PERSONNEL INFORMATION

According to Federal Aviation Administration (FAA) records, the pilot was the holder of a private pilot certificate with an airplane single-engine land rating. According to FAA records, the pilot did not have an instrument rating. FAA records show the pilot's last medical examination was conducted on May 21, 1999, at which time the pilot was issued a third-class medical certificate with no restrictions or limitations.

According to the pilot's flight logbook, he had accumulated a total flight time of 166.8 hours when he was issued his private pilot certificate on March 4, 2001. The pilot had accumulated a total flight time of 239.0 hours as of his last logbook flight entry, dated October 28, 2001. According to the flight logbook, the pilot obtained a complex aircraft and a high-performance aircraft endorsement on March 25, 2001. The pilot had accumulated a total instrument time of 3.6 hours, all of which were completed in simulated instrument conditions during his private pilot training. According to the flight logbook, the pilot had not received any additional instrument flight training subsequent to the issuance of his private pilot certificate.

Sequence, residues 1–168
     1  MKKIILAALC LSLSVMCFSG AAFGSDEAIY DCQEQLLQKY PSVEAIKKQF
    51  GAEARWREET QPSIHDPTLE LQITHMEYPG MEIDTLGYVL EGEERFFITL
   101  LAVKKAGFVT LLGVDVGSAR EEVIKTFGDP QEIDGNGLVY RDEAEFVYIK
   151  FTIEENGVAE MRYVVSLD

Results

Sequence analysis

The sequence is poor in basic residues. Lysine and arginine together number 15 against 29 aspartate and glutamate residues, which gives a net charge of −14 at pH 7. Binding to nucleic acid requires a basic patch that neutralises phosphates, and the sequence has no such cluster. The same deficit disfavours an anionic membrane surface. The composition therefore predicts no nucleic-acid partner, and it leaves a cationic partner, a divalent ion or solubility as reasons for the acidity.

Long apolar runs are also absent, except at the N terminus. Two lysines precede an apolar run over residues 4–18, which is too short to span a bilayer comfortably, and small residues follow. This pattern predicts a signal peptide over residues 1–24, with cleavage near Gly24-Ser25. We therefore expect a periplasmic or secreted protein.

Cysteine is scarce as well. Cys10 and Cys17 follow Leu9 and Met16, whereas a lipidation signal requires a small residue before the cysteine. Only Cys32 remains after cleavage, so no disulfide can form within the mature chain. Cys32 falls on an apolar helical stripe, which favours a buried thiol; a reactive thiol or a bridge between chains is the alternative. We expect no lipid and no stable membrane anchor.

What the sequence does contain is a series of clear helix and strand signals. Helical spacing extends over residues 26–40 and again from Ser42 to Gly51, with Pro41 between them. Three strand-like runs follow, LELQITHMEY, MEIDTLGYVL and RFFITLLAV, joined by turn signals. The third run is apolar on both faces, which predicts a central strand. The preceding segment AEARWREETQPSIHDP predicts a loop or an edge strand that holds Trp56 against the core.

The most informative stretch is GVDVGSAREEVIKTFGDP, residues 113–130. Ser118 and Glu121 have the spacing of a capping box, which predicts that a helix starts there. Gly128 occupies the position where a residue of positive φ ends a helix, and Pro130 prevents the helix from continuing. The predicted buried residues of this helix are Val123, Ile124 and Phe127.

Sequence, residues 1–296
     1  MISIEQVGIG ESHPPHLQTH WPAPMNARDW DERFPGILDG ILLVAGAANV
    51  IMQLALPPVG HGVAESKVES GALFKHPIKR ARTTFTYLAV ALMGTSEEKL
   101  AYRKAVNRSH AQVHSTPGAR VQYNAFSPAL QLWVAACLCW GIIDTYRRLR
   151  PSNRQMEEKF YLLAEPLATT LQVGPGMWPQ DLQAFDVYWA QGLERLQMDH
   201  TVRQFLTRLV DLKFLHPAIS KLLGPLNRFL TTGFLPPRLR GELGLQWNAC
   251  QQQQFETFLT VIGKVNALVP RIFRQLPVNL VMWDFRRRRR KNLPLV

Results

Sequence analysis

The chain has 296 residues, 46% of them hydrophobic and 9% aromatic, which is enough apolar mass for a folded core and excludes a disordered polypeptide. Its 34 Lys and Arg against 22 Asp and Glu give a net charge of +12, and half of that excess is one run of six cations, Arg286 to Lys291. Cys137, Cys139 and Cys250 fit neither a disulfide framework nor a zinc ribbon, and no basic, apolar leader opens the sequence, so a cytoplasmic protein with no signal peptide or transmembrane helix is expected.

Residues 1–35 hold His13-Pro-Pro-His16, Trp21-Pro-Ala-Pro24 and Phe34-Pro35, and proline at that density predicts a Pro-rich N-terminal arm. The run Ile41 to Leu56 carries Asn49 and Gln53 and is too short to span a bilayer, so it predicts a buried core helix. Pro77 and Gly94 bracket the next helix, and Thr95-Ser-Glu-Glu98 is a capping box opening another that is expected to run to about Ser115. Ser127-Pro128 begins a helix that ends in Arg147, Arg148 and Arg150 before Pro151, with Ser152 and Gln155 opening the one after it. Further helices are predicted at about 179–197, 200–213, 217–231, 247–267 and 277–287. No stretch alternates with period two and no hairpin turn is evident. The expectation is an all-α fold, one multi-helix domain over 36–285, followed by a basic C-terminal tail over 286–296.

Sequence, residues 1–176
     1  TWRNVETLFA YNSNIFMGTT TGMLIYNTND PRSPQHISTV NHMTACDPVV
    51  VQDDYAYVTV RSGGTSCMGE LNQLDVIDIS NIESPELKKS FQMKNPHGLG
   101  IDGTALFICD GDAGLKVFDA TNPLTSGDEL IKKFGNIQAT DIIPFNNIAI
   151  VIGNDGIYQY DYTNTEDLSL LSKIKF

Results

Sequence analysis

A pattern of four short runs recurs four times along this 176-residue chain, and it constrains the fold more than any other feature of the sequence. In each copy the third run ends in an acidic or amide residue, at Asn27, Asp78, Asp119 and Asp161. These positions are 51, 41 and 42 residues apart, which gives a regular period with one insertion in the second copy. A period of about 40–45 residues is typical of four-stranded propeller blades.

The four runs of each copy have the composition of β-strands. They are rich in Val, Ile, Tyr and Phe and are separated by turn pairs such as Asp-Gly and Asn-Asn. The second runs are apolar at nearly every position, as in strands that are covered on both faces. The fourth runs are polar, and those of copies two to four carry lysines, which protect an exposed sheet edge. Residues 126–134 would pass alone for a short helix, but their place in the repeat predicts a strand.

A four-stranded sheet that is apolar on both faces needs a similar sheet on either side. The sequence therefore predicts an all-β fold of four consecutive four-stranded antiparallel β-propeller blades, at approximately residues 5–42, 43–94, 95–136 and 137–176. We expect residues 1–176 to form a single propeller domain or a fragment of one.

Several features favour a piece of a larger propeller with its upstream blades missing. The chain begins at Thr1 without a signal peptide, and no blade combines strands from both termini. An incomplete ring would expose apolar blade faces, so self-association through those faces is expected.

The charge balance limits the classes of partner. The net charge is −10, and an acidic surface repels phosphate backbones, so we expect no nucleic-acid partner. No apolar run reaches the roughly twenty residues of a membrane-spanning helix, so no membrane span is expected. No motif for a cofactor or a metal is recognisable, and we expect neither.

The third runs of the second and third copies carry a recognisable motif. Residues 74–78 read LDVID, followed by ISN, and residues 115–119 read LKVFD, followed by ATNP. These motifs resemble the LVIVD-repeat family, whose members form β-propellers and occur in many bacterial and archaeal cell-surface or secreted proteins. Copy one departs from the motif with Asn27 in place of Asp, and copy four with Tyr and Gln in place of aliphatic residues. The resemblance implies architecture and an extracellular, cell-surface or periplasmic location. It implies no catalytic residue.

AIRCRAFT INFORMATION

The aircraft was a Bellanca 17-30A, Super Viking, serial number 75-30761. The Super Viking is a single-engine, low wing monoplane with an all-wood wing construction and a fabric covered steel-tube fuselage. The Super Viking is equipped with a retractable landing gear, constant speed three-bladed propeller, and can accommodate a pilot and three passengers. The FAA issued a Standard Airworthiness Certificate for the airplane on September 17, 1974. According to the aircraft's recording tachometer and maintenance logbooks, the airframe had accumulated a total time of 2,175.5 hours since new. According to the maintenance logbooks, the last annual inspection was completed on January 10, 2002, and the airplane had accumulated 0.5 hour since the inspection.